When Linux resumes from a suspend, it can be configured to do some really grim BIOS related hacks while in real mode; these hacks are controlled by the acpi_sleep kernel boot parameter.
The settings are as follows:
This makes the kernel set the video by directly calling into the video BIOS ROM at address 0xc000.
This makes the kernel set the video mode by BIOS interrupt int $10, ax=0x4f02 (select VESA video mode).
This causes the kernel to beep. Depending on the kernel version you either get a beep or a beeped Morse code message "...-" (which is Morse for "V" for some reason).
These acpi_sleep settings map to values:
and can be set by writing these magic values to /proc/sys/kernel/acpi_video_flags before you do the next suspend; this is a little more flexible than setting the kernel boot parameter acpi_sleep.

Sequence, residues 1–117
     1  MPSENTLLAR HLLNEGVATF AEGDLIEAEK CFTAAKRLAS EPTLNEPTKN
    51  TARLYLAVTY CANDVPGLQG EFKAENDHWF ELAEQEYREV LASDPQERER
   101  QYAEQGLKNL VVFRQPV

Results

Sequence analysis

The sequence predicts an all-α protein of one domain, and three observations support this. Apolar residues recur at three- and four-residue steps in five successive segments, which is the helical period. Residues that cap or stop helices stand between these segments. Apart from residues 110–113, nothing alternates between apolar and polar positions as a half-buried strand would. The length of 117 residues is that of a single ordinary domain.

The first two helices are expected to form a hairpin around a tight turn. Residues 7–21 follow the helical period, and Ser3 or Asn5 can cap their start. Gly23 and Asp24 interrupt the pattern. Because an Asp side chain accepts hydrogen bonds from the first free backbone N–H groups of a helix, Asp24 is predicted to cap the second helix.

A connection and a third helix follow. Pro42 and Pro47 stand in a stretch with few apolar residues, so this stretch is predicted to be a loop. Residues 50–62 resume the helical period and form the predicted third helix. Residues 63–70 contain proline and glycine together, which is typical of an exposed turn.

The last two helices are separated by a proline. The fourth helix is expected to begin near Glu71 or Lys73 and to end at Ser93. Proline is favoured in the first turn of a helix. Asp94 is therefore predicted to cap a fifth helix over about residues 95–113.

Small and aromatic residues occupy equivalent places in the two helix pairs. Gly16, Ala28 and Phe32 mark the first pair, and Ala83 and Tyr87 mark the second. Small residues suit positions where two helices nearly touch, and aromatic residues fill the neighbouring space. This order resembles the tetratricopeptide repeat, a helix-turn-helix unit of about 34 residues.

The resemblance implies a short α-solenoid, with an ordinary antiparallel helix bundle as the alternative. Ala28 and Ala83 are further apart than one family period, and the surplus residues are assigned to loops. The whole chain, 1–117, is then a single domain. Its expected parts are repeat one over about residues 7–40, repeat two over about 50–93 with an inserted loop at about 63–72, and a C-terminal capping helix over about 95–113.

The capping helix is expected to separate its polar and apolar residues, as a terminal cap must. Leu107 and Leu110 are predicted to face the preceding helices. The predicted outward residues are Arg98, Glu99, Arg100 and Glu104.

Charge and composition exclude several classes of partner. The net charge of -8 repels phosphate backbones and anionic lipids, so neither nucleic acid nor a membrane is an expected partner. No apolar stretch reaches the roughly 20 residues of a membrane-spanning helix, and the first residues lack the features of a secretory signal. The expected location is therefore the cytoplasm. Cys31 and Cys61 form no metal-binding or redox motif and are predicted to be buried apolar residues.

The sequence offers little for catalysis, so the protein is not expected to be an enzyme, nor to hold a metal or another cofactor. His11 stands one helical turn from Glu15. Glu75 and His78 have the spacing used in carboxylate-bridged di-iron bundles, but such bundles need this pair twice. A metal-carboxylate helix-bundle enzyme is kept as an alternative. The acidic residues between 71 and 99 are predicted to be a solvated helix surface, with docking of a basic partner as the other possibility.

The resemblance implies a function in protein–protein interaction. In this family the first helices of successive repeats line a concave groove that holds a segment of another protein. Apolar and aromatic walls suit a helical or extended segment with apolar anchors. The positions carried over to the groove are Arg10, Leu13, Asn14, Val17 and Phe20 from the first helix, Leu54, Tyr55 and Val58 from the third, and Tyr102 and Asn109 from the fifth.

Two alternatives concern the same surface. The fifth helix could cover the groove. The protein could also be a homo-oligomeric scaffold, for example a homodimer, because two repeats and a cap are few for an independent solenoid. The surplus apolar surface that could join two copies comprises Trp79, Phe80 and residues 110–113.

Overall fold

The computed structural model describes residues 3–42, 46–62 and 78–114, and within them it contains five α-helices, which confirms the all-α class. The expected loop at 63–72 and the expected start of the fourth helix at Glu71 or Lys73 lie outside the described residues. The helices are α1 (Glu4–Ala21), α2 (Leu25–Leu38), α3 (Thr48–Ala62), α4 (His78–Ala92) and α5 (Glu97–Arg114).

s3_beep is checked for first - so if you want to make sure your machine is coming out of the BIOS and executing the initial kernel resume code, set this option and you will hear a beep during the very early resume execution as long as you have an internal speaker in your PC.
s3_bios is then next checked and if enabled, the kernel calls directly into the video BIOS ROM to force the video state.
Finally, s3_mode is checked, and if enabled a VESA mode setting BIOS interrupt is executed to set the set video mode.
Some BIOSs just croak and die if you do s3_bios and s3_mode calls - which is understandable as the behaviour for doing such calls during a resume is undefined. It may work, it may not!